Three swastikas have been found drawn on hallway walls of residence halls at the Clark Kerr Campus since Wednesday evening, alarming administrators but provoking little visible reaction from students.The reason that there was little student response may be because, as one student wrote in response:
The first swastika--measuring 6 by 6 inches--was drawn in pen on a wall in Building 2 between 5:30 p.m. and 9:30 p.m. Wednesday night, while the second and third--each measuring about 3 by 3 inches--were drawn in Building 3 between 1 a.m. and 8 a.m. Saturday morning, according to Marty Takimoto, spokesperson for Residential and Student Service Programs. All the drawings have since been painted over.
Though campus officials have condemned the drawings, classifying them as "hate incidents," the drawings have elicited little student response.
No students attended a community meeting hosted Thursday evening to open a dialogue about the incident, according to Takimoto.
I was absolutely disturbed when I heard that a swastika was found in a residence hall Wednesday night. I wanted to notify other people...but a news report never came out from ANYONE to substantiate these events until now. I was hesitant in telling others because I had heard about the swastika through multiple people, but no one who directly witnessed it.In other words, the university never confirmed that the incident happened, it didn't seem to publicize the community meeting about it, and now it seems to use that as evidence that it was no big deal!
Had I known there was going to be a meeting to discuss the swastikas, I definitely would have been there and I'm sure my Jewish friends would have been there too. Unfortunately, the university wants to brush this under the rug like other anti-Semitic actions on campus.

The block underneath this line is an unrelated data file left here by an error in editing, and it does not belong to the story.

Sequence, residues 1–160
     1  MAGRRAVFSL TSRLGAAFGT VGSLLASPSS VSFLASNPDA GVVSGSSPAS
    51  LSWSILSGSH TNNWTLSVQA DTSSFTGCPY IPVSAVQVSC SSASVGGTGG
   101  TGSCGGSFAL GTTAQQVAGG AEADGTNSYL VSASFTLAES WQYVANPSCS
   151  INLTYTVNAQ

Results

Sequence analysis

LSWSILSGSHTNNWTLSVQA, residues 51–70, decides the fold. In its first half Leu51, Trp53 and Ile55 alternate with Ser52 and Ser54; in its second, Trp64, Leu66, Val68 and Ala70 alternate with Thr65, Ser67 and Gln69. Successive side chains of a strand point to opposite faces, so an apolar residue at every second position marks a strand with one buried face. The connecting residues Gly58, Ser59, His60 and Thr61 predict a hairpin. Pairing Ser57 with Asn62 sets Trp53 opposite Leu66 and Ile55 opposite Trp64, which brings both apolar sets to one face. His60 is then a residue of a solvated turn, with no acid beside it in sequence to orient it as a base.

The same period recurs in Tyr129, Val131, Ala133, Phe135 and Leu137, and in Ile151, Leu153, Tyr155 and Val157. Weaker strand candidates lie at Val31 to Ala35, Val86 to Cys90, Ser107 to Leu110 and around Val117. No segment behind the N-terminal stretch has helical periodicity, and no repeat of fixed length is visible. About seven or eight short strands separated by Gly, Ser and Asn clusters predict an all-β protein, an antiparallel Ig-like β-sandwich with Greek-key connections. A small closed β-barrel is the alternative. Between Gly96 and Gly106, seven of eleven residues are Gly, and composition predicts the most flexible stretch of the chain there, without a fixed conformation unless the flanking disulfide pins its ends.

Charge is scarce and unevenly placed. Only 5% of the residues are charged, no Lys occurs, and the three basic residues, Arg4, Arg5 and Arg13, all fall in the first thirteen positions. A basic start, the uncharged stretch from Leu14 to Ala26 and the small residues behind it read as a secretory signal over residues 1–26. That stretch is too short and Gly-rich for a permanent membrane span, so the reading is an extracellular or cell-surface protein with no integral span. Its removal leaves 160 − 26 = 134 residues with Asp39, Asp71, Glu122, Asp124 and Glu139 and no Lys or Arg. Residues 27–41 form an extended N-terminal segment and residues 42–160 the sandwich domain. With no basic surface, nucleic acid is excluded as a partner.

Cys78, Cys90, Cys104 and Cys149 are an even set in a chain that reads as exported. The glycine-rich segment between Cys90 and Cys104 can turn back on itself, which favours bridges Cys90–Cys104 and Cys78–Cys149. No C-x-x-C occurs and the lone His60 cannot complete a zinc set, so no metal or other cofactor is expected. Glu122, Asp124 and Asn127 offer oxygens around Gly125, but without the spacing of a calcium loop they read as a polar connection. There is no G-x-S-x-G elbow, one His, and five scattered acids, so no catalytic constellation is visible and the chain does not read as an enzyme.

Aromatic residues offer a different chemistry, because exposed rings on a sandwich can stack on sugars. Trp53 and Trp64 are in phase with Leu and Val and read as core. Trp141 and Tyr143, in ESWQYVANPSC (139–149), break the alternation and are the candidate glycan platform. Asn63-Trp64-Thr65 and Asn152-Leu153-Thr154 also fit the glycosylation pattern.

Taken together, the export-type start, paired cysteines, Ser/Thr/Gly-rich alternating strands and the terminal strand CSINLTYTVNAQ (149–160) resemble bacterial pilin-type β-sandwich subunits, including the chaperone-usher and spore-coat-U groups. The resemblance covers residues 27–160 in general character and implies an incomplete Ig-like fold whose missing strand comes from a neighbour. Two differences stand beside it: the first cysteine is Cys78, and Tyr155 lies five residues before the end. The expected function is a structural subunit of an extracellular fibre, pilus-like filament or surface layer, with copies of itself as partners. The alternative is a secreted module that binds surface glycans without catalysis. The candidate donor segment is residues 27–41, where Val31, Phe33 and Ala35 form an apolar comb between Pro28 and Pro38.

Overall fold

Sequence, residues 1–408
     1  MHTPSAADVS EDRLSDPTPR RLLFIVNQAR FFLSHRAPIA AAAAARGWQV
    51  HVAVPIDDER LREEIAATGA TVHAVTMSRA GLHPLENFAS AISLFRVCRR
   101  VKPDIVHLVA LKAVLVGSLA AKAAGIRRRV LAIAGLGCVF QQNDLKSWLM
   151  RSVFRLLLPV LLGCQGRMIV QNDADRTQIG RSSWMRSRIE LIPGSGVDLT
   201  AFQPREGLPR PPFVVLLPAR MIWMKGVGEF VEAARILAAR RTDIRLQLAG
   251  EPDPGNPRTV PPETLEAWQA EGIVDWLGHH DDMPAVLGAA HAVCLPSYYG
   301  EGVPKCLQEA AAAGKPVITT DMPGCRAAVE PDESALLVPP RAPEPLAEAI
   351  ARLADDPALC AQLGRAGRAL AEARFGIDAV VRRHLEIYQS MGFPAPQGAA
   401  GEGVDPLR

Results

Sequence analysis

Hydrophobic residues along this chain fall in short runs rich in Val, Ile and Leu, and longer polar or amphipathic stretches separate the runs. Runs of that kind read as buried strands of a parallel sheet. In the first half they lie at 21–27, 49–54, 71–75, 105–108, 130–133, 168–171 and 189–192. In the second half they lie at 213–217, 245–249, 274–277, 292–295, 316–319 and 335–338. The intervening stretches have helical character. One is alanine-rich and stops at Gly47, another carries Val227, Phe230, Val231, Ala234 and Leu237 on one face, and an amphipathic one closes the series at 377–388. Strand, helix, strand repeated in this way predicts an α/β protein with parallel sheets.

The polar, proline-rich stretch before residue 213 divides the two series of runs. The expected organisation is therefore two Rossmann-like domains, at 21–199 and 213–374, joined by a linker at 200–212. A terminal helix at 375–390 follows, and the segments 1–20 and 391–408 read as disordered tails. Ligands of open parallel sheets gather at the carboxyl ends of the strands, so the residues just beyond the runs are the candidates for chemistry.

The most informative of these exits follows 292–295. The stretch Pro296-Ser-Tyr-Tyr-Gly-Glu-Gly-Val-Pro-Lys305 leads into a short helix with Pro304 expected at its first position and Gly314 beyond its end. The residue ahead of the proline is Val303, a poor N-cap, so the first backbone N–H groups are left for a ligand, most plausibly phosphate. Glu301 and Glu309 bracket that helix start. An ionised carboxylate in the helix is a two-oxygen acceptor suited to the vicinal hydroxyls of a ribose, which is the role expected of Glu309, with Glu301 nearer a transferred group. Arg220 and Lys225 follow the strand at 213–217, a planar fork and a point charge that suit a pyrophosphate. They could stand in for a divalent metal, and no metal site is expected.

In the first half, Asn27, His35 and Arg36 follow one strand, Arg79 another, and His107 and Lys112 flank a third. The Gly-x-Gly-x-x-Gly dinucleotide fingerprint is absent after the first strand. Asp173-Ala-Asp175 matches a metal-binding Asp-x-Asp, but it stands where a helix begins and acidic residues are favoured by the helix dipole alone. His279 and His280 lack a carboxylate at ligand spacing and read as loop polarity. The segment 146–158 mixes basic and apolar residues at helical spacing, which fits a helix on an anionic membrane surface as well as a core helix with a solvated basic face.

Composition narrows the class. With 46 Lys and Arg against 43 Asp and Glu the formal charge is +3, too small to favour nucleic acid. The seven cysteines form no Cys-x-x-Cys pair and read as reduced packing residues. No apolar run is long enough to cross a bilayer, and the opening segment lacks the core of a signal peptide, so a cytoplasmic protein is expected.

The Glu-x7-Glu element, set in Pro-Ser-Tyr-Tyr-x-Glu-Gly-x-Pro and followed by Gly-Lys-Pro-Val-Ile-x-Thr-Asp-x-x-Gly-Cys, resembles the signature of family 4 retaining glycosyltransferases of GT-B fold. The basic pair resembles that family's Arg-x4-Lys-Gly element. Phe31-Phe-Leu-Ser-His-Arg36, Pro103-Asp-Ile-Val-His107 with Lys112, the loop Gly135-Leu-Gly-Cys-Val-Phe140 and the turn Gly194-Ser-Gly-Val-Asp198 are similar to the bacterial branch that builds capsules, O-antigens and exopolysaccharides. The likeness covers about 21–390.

Meanwhile, only a couple of days earlier, in nearby Oakland:
Within the span of a few days, windows were shattered at two Jewish food establishments in Oakland’s Grand Lake district.
Police are investigating the broken windows — one at Holy Land Restaurant reported on April 16, the other at Grand Bakery two days later — as vandalism, according to Lt. Kenneth Parris, the Jewish community liaison officer with the Oakland Police Department. As of press time April 21, there were no leads and no one had claimed responsibility for the acts, Parris said.
He added that there was no immediate evidence indicating the vandalism was motivated by hate. Yet given its timing, there is some cause for concern, he said.
“Because of the proximity of Yom Ha’Atzmaut [Israel Independence Day], and the fact that Adolf Hitler’s birthday and Israeli Independence Day came together this year, I am concerned about the potential that it might be anti-Semitic activity,” Parris said. “Two of the three Jewish businesses in the Grand Lake area were hit, and there were no reports of anybody else having this experience.”